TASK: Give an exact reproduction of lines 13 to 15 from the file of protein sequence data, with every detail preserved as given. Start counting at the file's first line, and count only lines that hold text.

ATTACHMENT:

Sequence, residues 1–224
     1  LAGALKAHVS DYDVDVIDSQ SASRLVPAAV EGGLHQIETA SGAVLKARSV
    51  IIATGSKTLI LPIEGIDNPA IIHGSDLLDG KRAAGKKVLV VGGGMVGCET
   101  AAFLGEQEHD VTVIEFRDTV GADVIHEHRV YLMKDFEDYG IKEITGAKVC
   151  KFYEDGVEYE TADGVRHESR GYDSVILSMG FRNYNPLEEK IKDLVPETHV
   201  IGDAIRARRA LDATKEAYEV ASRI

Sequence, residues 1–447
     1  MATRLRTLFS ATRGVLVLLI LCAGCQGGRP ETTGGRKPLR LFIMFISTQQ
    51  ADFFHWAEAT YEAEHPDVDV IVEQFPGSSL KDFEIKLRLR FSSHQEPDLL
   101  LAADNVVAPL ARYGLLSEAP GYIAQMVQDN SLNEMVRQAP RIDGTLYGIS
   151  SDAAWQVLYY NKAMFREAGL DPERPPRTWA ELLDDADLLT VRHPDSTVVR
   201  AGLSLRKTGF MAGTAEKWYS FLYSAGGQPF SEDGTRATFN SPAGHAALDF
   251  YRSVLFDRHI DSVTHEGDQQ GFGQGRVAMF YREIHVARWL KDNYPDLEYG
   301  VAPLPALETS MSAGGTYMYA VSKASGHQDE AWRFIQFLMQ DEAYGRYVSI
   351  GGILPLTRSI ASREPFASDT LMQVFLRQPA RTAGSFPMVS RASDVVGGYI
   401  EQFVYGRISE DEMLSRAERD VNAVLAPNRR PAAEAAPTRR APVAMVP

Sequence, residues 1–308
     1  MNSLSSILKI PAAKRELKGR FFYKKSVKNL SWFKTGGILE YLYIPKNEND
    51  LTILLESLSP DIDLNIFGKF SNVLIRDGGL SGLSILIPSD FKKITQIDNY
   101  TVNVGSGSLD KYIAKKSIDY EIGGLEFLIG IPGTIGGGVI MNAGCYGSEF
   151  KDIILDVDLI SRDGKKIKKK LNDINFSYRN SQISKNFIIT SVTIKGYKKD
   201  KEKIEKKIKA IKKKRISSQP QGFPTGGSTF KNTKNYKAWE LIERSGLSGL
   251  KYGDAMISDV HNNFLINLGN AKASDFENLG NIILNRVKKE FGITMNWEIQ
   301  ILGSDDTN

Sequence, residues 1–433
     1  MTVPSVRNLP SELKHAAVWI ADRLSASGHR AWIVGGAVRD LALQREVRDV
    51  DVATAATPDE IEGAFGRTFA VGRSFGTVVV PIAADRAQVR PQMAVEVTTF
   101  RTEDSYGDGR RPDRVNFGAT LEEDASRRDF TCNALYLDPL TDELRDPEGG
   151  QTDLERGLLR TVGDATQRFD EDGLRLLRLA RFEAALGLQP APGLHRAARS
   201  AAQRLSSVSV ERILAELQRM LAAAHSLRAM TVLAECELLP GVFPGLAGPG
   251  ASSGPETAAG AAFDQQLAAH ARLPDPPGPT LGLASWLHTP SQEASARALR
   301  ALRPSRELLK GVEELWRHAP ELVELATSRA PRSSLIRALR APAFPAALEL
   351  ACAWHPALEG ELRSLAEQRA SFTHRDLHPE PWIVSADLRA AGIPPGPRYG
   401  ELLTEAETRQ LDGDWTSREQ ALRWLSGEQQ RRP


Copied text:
   251  YRSVLFDRHI DSVTHEGDQQ GFGQGRVAMF YREIHVARWL KDNYPDLEYG
   301  VAPLPALETS MSAGGTYMYA VSKASGHQDE AWRFIQFLMQ DEAYGRYVSI
   351  GGILPLTRSI ASREPFASDT LMQVFLRQPA RTAGSFPMVS RASDVVGGYI